I am keenly aware that posterity will judge me on the cleanliness of my floors. That judgement was destined to be unkind until Móna, enviably closer than I am to the cutting edge of advances in the area of home appliances, recently mentioned the Dyson Slim.
|the dear, dear Dyson Slim|
Day and night I have wielded it since it was delivered. Day and night, until the charge runs out or I have finally vacummed up every grain of invading sand.
I smiled as I read the sentences in Experience, Martin Amis' memoir, in which he says of his mother, Hilary Bardwell, later Lady Kilmarnock:
There were many reasons why my mother loved living in Spain, not least of them being that you could, in most pharmacies, buy speed over the counter. After a while the stuff she liked was declared prescription-only; so she had to put on ten layers of clothing and go to the hospital and pretend to be suffering from obesity (a routine business in winter, but not so easy during the African heat of July and August). She regarded the drug mainly as a labour-saving device. You could always tell when Mum had scored because the house suddenly became the scene of large-scale cleansings and re-orderings. You would see her going from room to room, singing, with a sofa under one arm and a sideboard under the other.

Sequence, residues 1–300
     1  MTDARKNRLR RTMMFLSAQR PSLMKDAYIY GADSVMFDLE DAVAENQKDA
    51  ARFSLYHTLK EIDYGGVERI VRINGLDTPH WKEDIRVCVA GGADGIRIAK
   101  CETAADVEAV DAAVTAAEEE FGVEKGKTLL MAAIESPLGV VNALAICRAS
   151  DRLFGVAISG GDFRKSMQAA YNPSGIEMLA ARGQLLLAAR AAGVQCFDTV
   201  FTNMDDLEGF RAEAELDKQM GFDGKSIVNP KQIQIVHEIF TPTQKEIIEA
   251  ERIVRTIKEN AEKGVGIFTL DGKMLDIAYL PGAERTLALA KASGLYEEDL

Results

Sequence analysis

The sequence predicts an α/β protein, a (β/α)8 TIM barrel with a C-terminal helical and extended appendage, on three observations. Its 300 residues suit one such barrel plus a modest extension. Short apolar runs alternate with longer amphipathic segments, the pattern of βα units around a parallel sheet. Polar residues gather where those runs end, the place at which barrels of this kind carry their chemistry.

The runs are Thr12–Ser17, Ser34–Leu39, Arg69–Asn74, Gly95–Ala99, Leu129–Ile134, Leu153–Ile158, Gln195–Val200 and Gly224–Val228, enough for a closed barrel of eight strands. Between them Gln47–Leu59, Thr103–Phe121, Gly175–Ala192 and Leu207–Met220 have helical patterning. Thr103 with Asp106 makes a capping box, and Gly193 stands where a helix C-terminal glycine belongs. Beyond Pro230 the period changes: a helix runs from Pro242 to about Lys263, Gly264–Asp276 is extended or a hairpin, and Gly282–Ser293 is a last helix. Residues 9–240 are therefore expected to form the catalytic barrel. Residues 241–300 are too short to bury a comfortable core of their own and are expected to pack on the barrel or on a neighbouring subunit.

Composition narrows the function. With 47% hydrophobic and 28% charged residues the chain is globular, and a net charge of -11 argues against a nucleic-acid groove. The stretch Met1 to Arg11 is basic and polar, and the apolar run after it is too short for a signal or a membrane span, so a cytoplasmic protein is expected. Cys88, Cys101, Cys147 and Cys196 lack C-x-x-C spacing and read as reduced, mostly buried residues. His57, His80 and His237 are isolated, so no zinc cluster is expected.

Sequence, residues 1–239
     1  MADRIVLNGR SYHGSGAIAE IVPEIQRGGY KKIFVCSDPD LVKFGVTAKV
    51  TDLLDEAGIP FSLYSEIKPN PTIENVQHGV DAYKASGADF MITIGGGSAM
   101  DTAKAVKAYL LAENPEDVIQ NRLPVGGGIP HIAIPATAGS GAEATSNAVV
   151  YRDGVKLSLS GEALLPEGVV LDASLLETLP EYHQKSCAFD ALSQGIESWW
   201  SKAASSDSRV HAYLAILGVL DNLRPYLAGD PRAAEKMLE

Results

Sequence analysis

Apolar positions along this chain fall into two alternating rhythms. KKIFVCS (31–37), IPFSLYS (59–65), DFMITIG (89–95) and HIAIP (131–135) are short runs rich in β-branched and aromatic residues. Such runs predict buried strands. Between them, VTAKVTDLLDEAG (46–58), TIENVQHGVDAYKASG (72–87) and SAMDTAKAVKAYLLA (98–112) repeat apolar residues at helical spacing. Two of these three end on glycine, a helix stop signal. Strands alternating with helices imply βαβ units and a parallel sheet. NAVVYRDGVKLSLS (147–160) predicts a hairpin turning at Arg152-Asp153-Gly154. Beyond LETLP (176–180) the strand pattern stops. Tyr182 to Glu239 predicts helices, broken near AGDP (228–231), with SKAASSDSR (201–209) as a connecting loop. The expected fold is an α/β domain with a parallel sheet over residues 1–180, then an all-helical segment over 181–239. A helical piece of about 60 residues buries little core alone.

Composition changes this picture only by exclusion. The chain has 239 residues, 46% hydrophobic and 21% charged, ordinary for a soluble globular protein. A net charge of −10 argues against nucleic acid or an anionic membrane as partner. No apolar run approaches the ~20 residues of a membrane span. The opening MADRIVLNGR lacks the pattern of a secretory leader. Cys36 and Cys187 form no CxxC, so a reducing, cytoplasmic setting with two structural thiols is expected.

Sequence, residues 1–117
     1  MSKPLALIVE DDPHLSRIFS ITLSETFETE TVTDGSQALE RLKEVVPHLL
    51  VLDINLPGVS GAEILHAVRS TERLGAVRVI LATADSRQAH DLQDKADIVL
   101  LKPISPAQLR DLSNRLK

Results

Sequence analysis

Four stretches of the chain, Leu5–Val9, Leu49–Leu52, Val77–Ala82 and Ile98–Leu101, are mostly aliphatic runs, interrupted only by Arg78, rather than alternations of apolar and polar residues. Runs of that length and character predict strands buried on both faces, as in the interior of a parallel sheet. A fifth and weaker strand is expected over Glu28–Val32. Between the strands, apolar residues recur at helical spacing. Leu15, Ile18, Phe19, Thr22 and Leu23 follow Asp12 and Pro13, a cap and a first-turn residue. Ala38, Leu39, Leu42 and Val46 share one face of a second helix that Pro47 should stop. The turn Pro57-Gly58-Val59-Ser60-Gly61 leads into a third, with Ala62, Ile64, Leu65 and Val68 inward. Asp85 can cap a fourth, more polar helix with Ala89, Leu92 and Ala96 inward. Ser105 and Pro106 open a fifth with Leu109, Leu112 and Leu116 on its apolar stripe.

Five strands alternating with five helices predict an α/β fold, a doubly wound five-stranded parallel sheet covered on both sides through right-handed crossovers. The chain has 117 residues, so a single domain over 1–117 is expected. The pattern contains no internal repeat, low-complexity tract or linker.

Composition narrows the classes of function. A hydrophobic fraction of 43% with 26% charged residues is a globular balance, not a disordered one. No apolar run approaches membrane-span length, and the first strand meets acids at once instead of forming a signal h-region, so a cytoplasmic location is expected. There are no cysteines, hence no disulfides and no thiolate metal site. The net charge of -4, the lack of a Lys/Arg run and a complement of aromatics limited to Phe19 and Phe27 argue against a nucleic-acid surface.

It is good to know that I am not alone, that Martin Amis' mother also experienced the matchless euphoria of moving a lamp-table from one side of a sofa to another or seeing how the big red jug might look on a lower shelf. I think of her as I vacuum.